Minister of Agriculture Development and Food Security Dr Edwin Dikoloti has said growing of Industrial Hemp also known as Cannabis is prohibited and is punishable by law in Botswana.
Responding to question by Selebi Phikwe West Member of Parliament, Dithapelo Keorapetse, Dr Dikoloti said there are laws in place which guard against production of hemp. “Industrial hemp is clearly prohibited in Botswana in accordance with First Schedule of the Planet Protection Act of 2007, Cap 35:02, and also according to the Illicit Traffic in Narcotic Drugs and Psychotropic Substances Act of 2018, Part II Section 6 (1),” Dr Dikoloti emphasised.
The section states that “any person who, without lawful authority, cultivates any plant which can be used or consumed as a narcotic drug or psychotropic substance, or form which a narcotic drug or narcotic substance can be extracted, commits and offence and shall be liable to a fine not exceeding P500, 000 or imprisonment for a term not exceeding 20 years or to both,”.
Keorapetse had asked the minister to state if there is any law or rules and the regulations specifically prohibiting the growing of Industrial Hemp or use of its products in Botswana. He wanted the minister to also update parliament on global regional trends on the hemp industry in particular to state if he is aware of any local or international study on the hemp.
Selebi Phikwe West legislator has said Botswana lags behind in keeping pace with some of its counterparts whom have legalized hemp and its related products to diversify their economies. On the aspect of the global value of the industry as well as the number of people working in hemp industry globally, Dr Dikoloti said MPs can have access to related information. “Such information is available on the public domain. “I expect the honorable MP (Keorapetse), as a researcher to be familiar with this information,” said newly appointed agriculture minister.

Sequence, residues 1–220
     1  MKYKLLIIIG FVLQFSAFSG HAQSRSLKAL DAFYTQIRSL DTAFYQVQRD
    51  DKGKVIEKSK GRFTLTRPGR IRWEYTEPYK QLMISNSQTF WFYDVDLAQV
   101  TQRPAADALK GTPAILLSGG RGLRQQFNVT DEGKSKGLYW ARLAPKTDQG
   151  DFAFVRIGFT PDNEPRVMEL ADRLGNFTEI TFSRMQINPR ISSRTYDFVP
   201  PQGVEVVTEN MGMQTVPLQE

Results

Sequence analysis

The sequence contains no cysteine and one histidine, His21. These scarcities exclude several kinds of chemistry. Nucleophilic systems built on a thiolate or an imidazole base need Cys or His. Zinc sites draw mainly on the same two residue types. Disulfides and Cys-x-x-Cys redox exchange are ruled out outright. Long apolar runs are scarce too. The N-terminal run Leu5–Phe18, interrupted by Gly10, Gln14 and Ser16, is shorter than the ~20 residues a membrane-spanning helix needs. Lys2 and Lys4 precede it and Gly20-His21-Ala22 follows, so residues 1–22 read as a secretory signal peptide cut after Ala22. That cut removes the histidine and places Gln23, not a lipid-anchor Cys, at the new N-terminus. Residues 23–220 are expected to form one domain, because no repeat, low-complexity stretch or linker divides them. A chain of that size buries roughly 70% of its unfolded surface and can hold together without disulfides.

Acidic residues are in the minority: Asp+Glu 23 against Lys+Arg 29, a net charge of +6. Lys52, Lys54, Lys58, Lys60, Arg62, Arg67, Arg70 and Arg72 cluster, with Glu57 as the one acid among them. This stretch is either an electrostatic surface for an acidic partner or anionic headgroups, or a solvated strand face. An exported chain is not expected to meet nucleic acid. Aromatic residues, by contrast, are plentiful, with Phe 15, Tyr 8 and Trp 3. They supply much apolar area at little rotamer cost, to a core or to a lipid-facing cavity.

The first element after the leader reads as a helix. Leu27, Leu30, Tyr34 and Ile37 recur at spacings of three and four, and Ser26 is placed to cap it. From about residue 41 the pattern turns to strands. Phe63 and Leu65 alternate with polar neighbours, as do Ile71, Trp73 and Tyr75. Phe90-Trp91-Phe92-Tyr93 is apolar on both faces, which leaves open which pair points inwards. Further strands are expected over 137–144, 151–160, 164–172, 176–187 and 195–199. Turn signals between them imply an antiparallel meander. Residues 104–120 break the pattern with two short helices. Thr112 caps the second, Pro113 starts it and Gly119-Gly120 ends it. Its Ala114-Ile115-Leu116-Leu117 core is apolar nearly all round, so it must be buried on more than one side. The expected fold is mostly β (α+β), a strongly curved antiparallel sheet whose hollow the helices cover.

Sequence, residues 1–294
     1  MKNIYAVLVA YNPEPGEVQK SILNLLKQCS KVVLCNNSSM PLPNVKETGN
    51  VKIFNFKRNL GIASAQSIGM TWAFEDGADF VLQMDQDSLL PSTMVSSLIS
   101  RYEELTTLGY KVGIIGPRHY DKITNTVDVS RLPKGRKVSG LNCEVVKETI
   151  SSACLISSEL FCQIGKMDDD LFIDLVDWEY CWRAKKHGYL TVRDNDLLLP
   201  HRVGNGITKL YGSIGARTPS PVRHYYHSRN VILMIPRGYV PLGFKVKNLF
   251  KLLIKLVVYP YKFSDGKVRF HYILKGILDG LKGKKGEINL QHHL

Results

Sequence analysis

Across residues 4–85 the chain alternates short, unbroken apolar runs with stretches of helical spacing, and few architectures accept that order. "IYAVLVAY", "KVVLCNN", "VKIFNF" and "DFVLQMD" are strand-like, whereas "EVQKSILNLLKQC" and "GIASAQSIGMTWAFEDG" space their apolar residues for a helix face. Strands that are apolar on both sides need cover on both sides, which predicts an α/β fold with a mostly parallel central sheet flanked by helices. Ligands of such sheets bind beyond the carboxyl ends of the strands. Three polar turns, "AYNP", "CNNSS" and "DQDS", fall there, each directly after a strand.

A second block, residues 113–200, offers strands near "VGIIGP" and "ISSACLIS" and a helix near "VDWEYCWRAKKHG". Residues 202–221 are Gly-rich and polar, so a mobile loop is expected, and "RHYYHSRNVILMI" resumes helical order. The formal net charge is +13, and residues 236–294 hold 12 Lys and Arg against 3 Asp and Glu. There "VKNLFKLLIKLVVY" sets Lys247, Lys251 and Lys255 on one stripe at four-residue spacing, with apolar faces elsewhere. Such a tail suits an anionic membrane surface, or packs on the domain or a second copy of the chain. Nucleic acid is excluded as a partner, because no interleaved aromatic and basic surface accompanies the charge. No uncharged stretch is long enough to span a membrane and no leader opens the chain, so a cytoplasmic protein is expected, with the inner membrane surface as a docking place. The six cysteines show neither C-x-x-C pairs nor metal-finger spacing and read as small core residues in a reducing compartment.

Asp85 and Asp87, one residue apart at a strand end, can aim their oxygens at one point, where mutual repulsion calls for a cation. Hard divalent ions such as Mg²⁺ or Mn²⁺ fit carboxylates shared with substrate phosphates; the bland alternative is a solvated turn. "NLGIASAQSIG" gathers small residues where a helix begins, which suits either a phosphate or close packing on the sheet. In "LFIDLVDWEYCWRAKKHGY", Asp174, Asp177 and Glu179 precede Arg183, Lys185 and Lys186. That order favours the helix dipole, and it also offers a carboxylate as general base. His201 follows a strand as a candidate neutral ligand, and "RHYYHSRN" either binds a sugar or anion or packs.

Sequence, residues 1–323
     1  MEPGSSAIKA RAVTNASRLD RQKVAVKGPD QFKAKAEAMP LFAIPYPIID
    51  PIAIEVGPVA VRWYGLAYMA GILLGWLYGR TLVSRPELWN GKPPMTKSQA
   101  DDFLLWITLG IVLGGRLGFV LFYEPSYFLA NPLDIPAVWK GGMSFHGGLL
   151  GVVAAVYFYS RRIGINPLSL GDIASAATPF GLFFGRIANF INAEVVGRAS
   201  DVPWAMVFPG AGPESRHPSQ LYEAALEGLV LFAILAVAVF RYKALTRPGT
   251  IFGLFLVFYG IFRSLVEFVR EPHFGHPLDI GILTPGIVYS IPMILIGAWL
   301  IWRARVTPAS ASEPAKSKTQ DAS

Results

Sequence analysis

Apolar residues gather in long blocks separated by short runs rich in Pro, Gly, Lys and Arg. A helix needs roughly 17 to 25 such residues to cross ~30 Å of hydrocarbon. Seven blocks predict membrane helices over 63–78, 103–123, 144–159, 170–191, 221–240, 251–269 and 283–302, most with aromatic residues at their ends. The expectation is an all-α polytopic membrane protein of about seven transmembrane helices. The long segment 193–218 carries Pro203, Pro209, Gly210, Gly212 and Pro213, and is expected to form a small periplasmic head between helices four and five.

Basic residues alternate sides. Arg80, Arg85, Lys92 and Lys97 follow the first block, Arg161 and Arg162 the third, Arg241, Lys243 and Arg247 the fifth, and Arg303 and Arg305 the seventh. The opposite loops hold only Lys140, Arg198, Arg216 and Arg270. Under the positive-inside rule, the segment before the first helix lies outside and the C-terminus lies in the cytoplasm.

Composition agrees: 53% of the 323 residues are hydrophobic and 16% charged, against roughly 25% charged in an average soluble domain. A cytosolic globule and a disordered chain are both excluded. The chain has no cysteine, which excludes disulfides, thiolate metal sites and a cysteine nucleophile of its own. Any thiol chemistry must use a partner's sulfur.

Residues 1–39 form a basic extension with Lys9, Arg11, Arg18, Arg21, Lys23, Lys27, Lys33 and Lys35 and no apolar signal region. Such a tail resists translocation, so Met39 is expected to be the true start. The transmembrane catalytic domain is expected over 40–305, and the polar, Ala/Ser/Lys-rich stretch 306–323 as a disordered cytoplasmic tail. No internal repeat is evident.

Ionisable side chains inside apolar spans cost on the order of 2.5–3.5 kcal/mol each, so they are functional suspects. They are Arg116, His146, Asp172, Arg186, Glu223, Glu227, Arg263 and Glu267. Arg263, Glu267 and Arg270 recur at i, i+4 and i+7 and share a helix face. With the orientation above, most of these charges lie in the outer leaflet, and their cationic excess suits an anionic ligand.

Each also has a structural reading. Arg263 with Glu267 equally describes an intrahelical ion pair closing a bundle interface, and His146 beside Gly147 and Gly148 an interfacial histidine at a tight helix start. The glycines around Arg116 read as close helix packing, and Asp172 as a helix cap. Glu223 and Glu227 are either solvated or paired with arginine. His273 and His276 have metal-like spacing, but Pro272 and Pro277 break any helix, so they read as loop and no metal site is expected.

Legalizing of industrial hemp in Botswana became the centre of debate prior to the general elections after former Agriculture Minister Patrick Ralotsia was said to be planting the hemp.
Ralotsia was then dropped from cabinet by President Mokgweetsi Masisi over the allegations of him planting the product and later on openly admitted plantation of the cannabis family plant.
Hemp wave in Africa
Leader of Umbrella for Democratic Change (UDC) Duma Boko has reiterated the need for Botswana to legalize industrial hemp for commercial purposes due to its economic value. Boko has several occasions said Botswana is missing out big in the industrial hemp wave as it unlocking economic growth in some of the countries that have legalized it in African continent. Industrial hemp is legalized in 13 nations in Africa, with five of them coming from the SADC region- Lesotho, Malawi, Zimbabwe, Eswatini and South Africa legalizing marijuana too.
The New Frontier Data 2019 report, the Africa Regional Hemp and Cannabis Report: 2019 Industry Outlook, states that 50 countries in the world have legalized hemp production. Report shows that some of the countries legalized hemp for medicinal purposes whiles others such as Mexico, Canada and Georgia to mention a few legalized it for the recreational purposes.
More interestingly, the report uncovered that one- third of worldwide cannabis users stay in Africa noting that Africa’s largest cannabis markets are those with the largest populations.
Report further suggests that since Lesotho became the first African nation to legalize medical cannabis in 2017, Africa cannabis use rate has been nearly twice global average use rate of 6%.